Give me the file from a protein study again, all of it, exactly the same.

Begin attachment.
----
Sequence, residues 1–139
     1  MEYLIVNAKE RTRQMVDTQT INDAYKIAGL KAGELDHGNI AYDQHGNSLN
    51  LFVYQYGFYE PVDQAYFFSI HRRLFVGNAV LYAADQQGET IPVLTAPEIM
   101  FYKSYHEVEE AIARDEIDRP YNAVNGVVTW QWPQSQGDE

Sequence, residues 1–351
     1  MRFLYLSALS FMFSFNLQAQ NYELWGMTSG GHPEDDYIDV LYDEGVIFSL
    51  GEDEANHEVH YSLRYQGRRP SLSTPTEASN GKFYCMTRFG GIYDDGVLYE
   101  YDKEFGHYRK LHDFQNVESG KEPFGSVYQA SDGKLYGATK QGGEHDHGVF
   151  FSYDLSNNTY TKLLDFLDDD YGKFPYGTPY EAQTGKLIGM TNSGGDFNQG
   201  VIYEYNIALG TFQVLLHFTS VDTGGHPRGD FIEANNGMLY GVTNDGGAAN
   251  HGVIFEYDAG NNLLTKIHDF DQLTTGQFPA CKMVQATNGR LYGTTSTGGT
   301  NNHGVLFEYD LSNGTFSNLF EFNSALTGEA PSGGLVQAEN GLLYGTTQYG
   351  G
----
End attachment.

Sequence, residues 1–139
     1  MEYLIVNAKE RTRQMVDTQT INDAYKIAGL KAGELDHGNI AYDQHGNSLN
    51  LFVYQYGFYE PVDQAYFFSI HRRLFVGNAV LYAADQQGET IPVLTAPEIM
   101  FYKSYHEVEE AIARDEIDRP YNAVNGVVTW QWPQSQGDE

Sequence, residues 1–351
     1  MRFLYLSALS FMFSFNLQAQ NYELWGMTSG GHPEDDYIDV LYDEGVIFSL
    51  GEDEANHEVH YSLRYQGRRP SLSTPTEASN GKFYCMTRFG GIYDDGVLYE
   101  YDKEFGHYRK LHDFQNVESG KEPFGSVYQA SDGKLYGATK QGGEHDHGVF
   151  FSYDLSNNTY TKLLDFLDDD YGKFPYGTPY EAQTGKLIGM TNSGGDFNQG
   201  VIYEYNIALG TFQVLLHFTS VDTGGHPRGD FIEANNGMLY GVTNDGGAAN
   251  HGVIFEYDAG NNLLTKIHDF DQLTTGQFPA CKMVQATNGR LYGTTSTGGT
   301  NNHGVLFEYD LSNGTFSNLF EFNSALTGEA PSGGLVQAEN GLLYGTTQYG
   351  G